I-TEAM UPDATE: After TV documentary, Sheriff Richard Roundtree reacts, talks leads in Millbrook twins case
Tuesday, Dec. 3, 2019
News 12 at 6 O’Clock/NBC at 7
AUGUSTA, GA (WRDW/WAGT) – AUGUSTA, GA (WRDW/WAGT) – Richmond County Sheriff Richard Roundtree has plenty to say following an Oxygen documentary on the missing Millbrook twins.
“The Oxygen documentary was an edited documentary,” Roundtree said. “If we weren’t committed to solving the case – we were the ones who re-opened it – the case lay dormant for 25 years until the family came to us.”
Roundtree says the documentary did not reflect the interview he did with the network.
Dannette and Jeannette Millbrook would be almost 45 years old today. They disappeared from Augusta when they were 15.
Since then, the case was closed, re-opened, and now remains cold. But colder than this case are the chilling details unraveling nearly 30 years later.
Mostly how the serial killer Joseph Patrick Washington had some ties to the girls’ father, John Millbrook. John Millbrook has been linked to crimes in Richmond County dating back to the 90s.
“I know, but I didn’t know all that [at the time],” the girls’ mother, Mary Sturgis, said. “I didn’t know all that.”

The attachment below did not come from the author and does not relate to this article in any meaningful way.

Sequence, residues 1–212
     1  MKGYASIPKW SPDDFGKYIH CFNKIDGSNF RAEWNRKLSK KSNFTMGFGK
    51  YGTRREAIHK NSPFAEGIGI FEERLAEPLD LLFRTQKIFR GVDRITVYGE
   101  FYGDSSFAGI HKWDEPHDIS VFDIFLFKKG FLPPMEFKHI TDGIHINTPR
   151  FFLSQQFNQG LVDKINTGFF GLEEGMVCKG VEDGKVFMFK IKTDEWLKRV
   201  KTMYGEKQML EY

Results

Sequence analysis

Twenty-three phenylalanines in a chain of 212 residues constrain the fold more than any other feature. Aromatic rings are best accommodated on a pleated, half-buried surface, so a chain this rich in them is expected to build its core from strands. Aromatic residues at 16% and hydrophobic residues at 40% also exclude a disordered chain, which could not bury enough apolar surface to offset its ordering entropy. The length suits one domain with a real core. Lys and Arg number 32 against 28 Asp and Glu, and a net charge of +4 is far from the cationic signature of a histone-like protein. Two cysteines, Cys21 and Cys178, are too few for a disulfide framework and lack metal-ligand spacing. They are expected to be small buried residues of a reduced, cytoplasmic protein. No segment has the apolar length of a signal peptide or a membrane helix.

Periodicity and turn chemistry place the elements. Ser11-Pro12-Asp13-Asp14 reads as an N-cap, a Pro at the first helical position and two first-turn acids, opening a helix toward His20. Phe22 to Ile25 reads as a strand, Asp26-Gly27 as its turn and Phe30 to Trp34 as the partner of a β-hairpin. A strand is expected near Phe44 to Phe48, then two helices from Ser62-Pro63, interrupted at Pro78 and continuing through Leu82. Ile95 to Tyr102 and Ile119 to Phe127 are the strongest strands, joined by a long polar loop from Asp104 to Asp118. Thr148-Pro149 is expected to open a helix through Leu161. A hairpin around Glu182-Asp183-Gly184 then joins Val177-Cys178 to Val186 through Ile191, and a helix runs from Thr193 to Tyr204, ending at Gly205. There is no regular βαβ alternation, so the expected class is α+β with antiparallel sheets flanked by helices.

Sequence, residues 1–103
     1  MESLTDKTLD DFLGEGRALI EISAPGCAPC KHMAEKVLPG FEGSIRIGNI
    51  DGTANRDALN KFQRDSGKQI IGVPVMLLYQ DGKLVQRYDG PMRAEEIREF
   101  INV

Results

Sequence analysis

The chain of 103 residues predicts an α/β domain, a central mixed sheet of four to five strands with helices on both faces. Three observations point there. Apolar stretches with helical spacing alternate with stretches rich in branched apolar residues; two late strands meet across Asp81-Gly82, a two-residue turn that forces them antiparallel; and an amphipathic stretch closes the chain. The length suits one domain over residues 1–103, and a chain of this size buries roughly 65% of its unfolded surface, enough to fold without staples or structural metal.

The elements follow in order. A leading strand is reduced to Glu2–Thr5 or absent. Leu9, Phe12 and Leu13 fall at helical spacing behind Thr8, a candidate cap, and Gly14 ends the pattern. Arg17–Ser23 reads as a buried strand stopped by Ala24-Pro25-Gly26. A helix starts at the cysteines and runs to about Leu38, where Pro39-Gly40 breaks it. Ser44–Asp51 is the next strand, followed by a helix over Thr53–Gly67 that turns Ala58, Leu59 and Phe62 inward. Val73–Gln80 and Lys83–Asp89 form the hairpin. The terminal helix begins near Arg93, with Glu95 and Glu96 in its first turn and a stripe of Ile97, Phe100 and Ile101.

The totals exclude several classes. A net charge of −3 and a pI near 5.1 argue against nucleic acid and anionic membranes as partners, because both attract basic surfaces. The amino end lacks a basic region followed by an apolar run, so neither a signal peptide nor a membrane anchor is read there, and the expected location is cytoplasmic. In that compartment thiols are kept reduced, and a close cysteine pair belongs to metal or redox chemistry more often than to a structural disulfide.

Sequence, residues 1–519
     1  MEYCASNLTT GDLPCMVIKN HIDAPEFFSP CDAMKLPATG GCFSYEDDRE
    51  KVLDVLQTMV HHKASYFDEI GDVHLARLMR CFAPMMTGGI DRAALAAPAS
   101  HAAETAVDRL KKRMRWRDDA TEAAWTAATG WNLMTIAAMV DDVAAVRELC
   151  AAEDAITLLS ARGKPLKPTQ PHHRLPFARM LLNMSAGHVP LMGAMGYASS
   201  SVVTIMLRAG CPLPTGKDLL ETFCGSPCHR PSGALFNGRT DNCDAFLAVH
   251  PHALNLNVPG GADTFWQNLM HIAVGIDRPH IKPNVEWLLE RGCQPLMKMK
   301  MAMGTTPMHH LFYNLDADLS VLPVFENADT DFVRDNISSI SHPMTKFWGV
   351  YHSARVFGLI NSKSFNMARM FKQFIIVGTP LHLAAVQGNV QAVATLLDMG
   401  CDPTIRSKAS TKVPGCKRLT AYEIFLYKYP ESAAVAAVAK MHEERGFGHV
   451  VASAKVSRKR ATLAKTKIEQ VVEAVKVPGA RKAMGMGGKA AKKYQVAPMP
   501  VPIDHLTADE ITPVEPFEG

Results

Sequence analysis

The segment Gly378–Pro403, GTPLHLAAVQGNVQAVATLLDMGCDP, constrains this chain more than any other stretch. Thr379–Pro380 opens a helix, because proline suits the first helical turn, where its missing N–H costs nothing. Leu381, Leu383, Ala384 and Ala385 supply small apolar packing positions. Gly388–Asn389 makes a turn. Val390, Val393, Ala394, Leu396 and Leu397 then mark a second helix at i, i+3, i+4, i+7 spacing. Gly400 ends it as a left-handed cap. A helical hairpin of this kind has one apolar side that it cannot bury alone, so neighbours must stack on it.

Our I-Team's first investigation shed light on Washington, a convicted killer charged with murders, kidnapping, and sexual assaults on black women in the 90s. He died in prison in 1999. He was sentenced to a least 17 consecutive life sentences for his crimes while waiting on a death-penalty case to proceed. Washington died before that case was prosecuted.
But his crimes still have lives of their own.
Sturgis says she now knows Washington was affiliated with the twins' father through a life of alleged crime and drugs.
It's unclear if his own affiliations played any role in the disappearance of his daughters.
“I don’t think he harmed them,” Sturgis said, “but I don’t think he helped either.”
The day her daughters vanished, she confided in her ex, John. At the time, she didn’t think much of his response.
“He just said I shouldn’t be looking for them because they’re with some man,” Sturgis said.
While that response seemed ambiguous at that time, now his responses are even more unclear. John is in a nursing home with dementia. Both Sturgis and police say they can't get clear answers out of him.
"I can't really say his involvement or non-involvment,” Roundtree said. “He was involved in some other horrific crimes here in Richmond County.”
If hindsight is 20/20, the brush of history strokes even more clarity.
Years after the twins went missing, John's alleged criminal behavior caught up to him. He pleaded guilty for concealing a murder -- a murder Ernest Vaugnhs was convicted of. While that case has no connection to the missing Millbrook sisters, it does intertwine a community.
Vaughns claims he, the twins, and few other others were at John's house partying the day of the disappearance. He alleged an argument happened, and he thinks the twins were taken from house, killed, and dumped in the Brickyard Pond area.